Saturday, March 30, 2013

Carlyle's Filing for Smaller Investors

The Carlyle Group's SEC filing for CPG Carlyle Private Equity Fund LLC indicates a historical Gross Internal Rate of Return of 31%.  Here's the addendum:

Any performance information presented in this Confidential Memorandum does not reflect the Fund's Management Fee, Sub-Placement Agent Fee, expenses or a placement fee (if applicable) that are borne by Investors in the Fund which will reduce returns and in the aggregate are expected to be substantial.

When investments blow up due to management inattention or management methods that distort behavior, Carlyle has been know to plead puffery, i.e. Carlyle cited any implied promises were purely sales talk. .  

After Carlyle Capital Corporation, a $22 billion Guernsey based mortgage security fund, imploded The Carlyle Group ran from its carcass.  It claimed "unprecedented tumult" as a defense in a Carlyle Capital Corporation investor lawsuit.

Carlyle's good name is nowhere to be found in Stallion Oilfield Services bankruptcy.  They're not responsible for this new fund from the get go:

Carlyle is not a sponsor, promoter, adviser or affiliate of the Fund.  Past performance of Investment Funds sponsored by Carlyle is not indicative of future results.  The Fund may not invest in all of the Carlyle Investment Funds described herein.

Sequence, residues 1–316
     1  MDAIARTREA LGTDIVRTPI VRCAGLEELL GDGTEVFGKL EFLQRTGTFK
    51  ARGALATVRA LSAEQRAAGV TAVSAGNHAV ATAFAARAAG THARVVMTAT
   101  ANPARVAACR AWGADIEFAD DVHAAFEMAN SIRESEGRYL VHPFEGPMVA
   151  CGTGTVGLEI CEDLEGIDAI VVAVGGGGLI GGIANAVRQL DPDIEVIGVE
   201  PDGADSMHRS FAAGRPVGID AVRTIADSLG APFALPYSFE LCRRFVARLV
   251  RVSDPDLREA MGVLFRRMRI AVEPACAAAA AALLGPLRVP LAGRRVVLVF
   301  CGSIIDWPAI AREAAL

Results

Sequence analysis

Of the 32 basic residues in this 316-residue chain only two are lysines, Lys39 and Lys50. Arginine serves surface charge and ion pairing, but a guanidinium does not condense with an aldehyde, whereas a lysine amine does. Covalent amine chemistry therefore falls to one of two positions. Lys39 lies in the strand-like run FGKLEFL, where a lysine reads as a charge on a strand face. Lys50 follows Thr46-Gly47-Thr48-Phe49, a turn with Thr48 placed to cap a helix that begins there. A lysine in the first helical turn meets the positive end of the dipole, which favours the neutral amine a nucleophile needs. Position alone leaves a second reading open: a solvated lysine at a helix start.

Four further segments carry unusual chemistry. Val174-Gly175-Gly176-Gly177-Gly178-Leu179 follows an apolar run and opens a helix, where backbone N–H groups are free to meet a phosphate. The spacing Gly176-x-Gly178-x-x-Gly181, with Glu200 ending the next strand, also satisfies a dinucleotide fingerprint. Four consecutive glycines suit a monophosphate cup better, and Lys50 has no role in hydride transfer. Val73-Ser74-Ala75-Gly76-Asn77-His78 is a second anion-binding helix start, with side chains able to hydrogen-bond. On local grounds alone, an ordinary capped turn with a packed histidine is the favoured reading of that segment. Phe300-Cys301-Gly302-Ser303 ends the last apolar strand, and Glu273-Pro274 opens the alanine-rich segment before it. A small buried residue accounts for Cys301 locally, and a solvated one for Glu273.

The SEC filing spoke to who can invest in this new fund:

The stated minimum initial investment in the Fund is $50,000, which minimum may be reduced by the Fund in the sole discretion of the Adviser based on consideration of various factors, including the Investor's overall relationship with the Adviser, the Investor's holdings in other funds affiliated with the Adviser, and such other matters as the Adviser may consider relevant at the time.  The minimum additional investment in the Fund is $10,000. 
For those interested in fees, here they are:

Maximum sales load - 3.5%
Maximum early redemtpion fee - 2%
Total annual management fee plus expenses - 3.68%
I can see why Carlyle would warn how aggregating fees could be substantial.  I'm not sure their defenses of "puffery" and "unprecedented tumult" are likewise.  Substance is the tangible nature of things. Carlyle seems the exact opposite.